3. Vending Machine Supplies

To start your vending machine business, you’re going to need a handful of supplies before you begin making sales. Unlike starting some other businesses, very little is required to start a vending machine business, lowering the barrier of entry. Here is a list of supplies you’ll have to acquire to start and expand your vending machine business:

  • Vending Machines - Each time you expand your business, you have to purchase another vending machine to place at a new location.

  • Inventory - Vending machines need to be filled with a variety of different products for customers to purchase.

  • Parts and Accessories - Vending machine parts and accessories will be required to replace shelving and make repairs to malfunctioning machines.

  • Transportation - Transportation supplies such as vending machine transporters will be required to move and set up vending machines at new locations.

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4. Vending Machine Licenses

woman using a touch screen coffee vending machine

Many rules regulate the operation of vending machines, and there are some permits that need to be acquired. Laws and permits covering vending machines vary from state to state, so make sure you double-check your local laws. There may also be varying regulations depending on where you place your vending machine. For example, you may be limited in what you’re able to sell in a school vending machine. That being said, here are some of the most common vending machine permits and licenses required:

  • Business License - All businesses in the United States require a business license to operate. Business license requirements vary from location to location, so do your research on what is required from your business license in your state.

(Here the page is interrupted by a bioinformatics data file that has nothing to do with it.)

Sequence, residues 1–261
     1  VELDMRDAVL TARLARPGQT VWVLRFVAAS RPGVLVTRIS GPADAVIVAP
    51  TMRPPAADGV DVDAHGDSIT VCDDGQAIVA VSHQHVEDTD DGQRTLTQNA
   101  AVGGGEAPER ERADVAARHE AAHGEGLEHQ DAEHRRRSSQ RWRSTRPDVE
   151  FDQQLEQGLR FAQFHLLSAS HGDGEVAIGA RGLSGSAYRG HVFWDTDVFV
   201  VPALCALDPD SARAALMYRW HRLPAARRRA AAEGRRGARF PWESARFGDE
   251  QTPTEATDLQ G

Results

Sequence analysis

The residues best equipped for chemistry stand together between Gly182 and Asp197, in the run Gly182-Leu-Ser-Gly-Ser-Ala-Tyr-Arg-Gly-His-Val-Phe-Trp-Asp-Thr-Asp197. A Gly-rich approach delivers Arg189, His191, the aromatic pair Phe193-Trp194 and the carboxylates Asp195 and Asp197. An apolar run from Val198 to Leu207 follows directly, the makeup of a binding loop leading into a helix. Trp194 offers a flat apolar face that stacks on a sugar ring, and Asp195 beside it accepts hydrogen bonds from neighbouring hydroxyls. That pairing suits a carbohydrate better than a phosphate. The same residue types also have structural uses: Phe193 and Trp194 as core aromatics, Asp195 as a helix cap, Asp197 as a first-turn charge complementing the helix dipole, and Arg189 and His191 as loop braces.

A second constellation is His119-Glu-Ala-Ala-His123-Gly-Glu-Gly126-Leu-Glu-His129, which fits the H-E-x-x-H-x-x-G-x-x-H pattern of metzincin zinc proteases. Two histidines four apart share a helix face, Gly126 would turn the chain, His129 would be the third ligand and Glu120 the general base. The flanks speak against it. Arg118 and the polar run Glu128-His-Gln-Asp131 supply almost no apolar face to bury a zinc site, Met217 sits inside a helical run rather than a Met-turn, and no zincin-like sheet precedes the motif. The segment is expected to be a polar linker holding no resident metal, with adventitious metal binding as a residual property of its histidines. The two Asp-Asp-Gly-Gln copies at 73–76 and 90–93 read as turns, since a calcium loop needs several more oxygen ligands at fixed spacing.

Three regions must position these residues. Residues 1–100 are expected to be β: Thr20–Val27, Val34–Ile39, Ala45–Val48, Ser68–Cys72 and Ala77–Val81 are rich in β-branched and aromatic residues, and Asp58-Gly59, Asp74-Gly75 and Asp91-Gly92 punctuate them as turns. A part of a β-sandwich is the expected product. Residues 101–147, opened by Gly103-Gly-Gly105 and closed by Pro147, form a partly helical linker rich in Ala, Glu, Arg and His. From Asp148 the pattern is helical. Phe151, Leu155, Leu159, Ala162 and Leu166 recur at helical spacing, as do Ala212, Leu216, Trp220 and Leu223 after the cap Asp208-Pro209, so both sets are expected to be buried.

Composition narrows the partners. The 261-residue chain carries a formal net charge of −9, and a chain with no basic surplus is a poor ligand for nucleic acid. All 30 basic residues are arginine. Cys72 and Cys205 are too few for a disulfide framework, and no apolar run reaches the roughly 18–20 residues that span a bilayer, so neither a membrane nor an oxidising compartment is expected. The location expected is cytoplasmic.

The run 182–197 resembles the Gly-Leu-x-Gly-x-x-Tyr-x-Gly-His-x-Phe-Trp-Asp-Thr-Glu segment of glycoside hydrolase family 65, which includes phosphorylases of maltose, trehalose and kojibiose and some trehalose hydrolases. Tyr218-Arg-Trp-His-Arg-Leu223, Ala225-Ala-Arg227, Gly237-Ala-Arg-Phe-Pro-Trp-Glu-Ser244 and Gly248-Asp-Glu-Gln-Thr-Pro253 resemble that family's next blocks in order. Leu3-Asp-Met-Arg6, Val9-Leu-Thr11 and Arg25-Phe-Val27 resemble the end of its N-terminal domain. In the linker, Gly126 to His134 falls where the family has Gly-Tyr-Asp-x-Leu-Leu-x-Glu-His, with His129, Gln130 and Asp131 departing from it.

• Employee Identification Number - An Employee Identification Number (EIN) is needed for identification purposes. You can’t hire employees without an EIN and the process can be lengthy, so be sure to apply for your EIN early in the formation of your business.

  • Vendor License - A basic business license that needs to be obtained before you can sell food items within a location.

5. Vending Machine Locations

When it comes to vending machine profitability, location is key to success. A vending machine should be placed in a location that gets a lot of foot traffic and people spend a lot of time in. Additionally, you’ll want to place your vending machine in a location that doesn’t charge high commissions or fees. If you’re looking for a location to start your vending machine business, here are some of the best places to maximize the success of your vending machine:

  • Gyms - Gym-goers looking for a post-workout snack are a great audience to target with vending machines. Gym vending machines can be especially successful if you offer healthy foods and beverages like granola bars and sports drinks.

  • Schools - Vending machines in schools can be high-earners, capitalizing on snacking habits of teenagers and young adults. Students love to pick up a quick snack or drink while studying or in between classes, making school vending machines profitable.

  • Airports - Airports involve a lot of waiting around for customers due to layovers and delayed flights. Vending machines in airports can cater to these customers, offering snacks and drinks while they wait for their flight.

  • Hotels - Hotel vending machines are potentially lucrative, taking advantage of tourists looking for quick food items. Vending machines offer a convenient alternative for guests who aren’t looking to eat at a hotel restaurant.

  • Office Buildings - Office buildings that house 50 or more employees are a fantastic location for vending machines. Office workers get hungry and thirsty working throughout the day, leading them to purchase snacks from vending machines and similar micro markets.

  • Malls - Malls have a high amount of foot traffic, meaning there are a lot of potential customers. As customers get hungry from shopping around, they're likely to check out your vending machines and pick up a few snacks.

6. Vending Machine Jobs

woman in a blue hat repairing a broken vending machine

While it is possible to run a small vending machine business on your own, once you start to branch out and expand you’ll need to hire some employees. The everyday tasks of these employees can range from stocking and maintaining your vending machines to mapping the future of your business. These employees help you maintain the progress you have already made with your vending machine business and make it easier to plan out a successful future. Here are some of the most common positions vending machine businesses consider: